Xbox Corporate Vice President of Game Creator Experience & Ecosystem Sarah Bond made the unusual step of reaching out to Xbox fans who supported them throughout these past few months on the issue of the Microsoft Activision deal.
“The Xbox community support & advocacy for the ABK acquisition is epic. We may not always agree with outcomes – but we’re encouraged almost 40 countries have approved, and are continuing constructive dialog to move forward.
Staying positive & respectful of all involved is key to realizing our vision of bringing everyone who loves to play, together. Thank you.”
Let’s take a few minutes to analyze that message. The first sentence is really the only one where Sarah expresses her gratitude.
The second sentence may seem confusing, because Sarah is no longer referring to the fans, because they are not the one who ‘don’t always agree with outcomes’. Actually, it’s the countries and regions whom they have been convincing to accept the deal.
Sarah cites the now 40 countries and regions who have approved the Microsoft Activision deal, many of whom did so without even adding any conditions for that approval.
Much of the attention of the coverage has been the three major regulators that Microsoft saw as the biggest hurdles against their ability to get the deal to push through. That would be America’s FTC, the relatively newer UK CMA, and the European Commission on Competition.
However, there was a bit of confusion on how exactly these regulators were important to Microsoft’s deal and how much impact they can actually create.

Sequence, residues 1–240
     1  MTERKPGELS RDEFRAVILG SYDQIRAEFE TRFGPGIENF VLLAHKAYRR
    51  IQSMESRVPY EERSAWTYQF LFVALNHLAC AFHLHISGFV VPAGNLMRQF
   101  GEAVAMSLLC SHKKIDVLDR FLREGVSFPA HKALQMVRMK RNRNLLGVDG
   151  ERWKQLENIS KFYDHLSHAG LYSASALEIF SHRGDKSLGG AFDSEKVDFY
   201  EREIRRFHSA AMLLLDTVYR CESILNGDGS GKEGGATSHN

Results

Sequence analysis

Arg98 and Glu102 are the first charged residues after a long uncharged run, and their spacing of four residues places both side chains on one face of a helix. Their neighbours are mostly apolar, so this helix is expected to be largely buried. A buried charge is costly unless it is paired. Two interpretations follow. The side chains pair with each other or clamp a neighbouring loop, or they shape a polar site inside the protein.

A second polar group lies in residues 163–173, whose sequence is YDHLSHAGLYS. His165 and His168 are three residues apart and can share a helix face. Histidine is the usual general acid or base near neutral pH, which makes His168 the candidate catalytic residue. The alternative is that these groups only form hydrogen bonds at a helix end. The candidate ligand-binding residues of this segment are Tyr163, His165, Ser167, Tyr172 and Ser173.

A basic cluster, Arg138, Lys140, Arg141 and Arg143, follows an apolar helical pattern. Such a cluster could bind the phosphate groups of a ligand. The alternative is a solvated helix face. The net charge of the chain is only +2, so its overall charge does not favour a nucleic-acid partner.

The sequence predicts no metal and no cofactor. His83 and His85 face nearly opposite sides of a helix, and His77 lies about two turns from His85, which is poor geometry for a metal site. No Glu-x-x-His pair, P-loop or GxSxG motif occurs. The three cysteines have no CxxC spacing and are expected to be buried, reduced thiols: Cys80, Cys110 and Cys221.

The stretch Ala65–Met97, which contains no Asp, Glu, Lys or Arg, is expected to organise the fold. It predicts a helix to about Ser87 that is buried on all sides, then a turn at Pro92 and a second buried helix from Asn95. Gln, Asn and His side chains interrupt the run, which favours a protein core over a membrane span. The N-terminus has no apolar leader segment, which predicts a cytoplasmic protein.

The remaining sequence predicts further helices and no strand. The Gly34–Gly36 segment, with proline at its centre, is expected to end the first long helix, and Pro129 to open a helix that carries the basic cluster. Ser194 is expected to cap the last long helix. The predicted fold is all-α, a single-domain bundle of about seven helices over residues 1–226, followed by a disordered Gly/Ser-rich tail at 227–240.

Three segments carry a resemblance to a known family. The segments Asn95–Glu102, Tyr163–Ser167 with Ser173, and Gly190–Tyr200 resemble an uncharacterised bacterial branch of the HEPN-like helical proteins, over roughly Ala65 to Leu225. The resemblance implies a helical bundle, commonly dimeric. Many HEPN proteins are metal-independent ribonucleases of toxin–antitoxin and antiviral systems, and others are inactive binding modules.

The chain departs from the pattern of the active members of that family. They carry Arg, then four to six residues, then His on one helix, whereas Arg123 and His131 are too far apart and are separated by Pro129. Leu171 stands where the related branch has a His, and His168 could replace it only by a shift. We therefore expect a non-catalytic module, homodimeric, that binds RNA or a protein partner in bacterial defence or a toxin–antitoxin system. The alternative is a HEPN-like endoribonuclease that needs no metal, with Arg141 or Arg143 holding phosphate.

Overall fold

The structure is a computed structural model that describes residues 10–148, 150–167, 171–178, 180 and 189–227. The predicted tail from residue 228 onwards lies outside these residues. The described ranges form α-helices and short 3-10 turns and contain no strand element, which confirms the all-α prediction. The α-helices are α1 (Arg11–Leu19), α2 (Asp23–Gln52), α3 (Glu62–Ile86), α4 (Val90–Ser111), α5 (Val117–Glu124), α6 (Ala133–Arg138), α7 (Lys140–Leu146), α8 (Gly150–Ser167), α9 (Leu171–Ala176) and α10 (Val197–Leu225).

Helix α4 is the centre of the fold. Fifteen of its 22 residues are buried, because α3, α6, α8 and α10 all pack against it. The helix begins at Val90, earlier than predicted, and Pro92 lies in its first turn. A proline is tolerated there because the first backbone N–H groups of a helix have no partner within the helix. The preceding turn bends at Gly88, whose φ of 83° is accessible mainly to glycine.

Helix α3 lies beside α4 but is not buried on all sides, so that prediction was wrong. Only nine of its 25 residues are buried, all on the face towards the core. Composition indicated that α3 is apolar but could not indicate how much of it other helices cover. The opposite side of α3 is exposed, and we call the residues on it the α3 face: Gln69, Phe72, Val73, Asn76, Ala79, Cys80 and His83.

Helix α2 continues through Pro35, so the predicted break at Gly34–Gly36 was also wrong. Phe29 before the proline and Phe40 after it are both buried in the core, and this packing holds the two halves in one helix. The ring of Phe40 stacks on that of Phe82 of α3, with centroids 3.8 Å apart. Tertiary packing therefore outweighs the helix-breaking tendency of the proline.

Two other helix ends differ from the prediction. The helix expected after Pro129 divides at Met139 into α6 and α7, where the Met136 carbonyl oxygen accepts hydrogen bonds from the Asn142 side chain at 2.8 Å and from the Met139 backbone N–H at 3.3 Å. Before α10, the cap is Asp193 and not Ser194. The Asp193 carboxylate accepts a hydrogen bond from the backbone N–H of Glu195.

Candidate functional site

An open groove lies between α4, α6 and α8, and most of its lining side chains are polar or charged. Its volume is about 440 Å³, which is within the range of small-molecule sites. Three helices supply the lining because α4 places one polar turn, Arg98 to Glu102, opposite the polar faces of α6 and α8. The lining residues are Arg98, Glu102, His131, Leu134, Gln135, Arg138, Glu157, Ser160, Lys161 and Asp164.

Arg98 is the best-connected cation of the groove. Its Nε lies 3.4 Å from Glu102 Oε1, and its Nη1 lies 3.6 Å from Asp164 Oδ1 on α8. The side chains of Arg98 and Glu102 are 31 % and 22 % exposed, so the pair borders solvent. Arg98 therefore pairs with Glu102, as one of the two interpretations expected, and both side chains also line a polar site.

As we now know, the FTC suing Microsoft to block the deal actually isn’t enough to really block it. On a procedural level, Microsoft and FTC can lock horns about it for years, but they don’t have to wait on that case’s outcome to finish their deal.
The European Commission, in contrast, was one of the 40 countries and regions that approved the deal. They also made that approval unconditional, indicating they agreed with Microsoft’s arguments and proposed remedies.
Finally, the CMA is the one in the spotlight. While there was also a point where people assumed the CMA could effectively block it because of the way their competition rules work, we now know that those rules aren’t the final word.
The CMA’s decision is now facing harsh scrutiny from MPs like Bim Afolami, and is already in the process of being appealed in the Competition Appeals Tribunal.
To be clear, the CMA did have independence to make their own decisions. This particular decision, however, is bound to harm the UK in real life, not only in the eyes of other companies, but other countries. Based on what we know, the CAT will be using their procedures to force CMA to come up with a decision that allows the deal to go through.
Sarah’s last message is what fans really need to listen to, though. In the end, Xbox don’t want their own fans to compromise the deal with the console war noise that has surrounded coverage of this story for the past few months. As Sarah says, stay positive and respectful, as Microsoft is more than capable of getting the deal through on their own volition.